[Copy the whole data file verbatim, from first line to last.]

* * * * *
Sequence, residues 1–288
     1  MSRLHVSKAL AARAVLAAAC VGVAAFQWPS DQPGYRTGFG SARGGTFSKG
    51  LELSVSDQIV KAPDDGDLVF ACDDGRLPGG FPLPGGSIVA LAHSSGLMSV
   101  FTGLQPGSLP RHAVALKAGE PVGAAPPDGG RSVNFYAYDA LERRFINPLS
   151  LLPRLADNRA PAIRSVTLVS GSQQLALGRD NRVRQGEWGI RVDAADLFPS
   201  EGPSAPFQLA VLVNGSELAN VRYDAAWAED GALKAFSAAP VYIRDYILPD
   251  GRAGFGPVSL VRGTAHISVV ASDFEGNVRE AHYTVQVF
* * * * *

Sequence, residues 1–288
     1  MSRLHVSKAL AARAVLAAAC VGVAAFQWPS DQPGYRTGFG SARGGTFSKG
    51  LELSVSDQIV KAPDDGDLVF ACDDGRLPGG FPLPGGSIVA LAHSSGLMSV
   101  FTGLQPGSLP RHAVALKAGE PVGAAPPDGG RSVNFYAYDA LERRFINPLS
   151  LLPRLADNRA PAIRSVTLVS GSQQLALGRD NRVRQGEWGI RVDAADLFPS
   201  EGPSAPFQLA VLVNGSELAN VRYDAAWAED GALKAFSAAP VYIRDYILPD
   251  GRAGFGPVSL VRGTAHISVV ASDFEGNVRE AHYTVQVF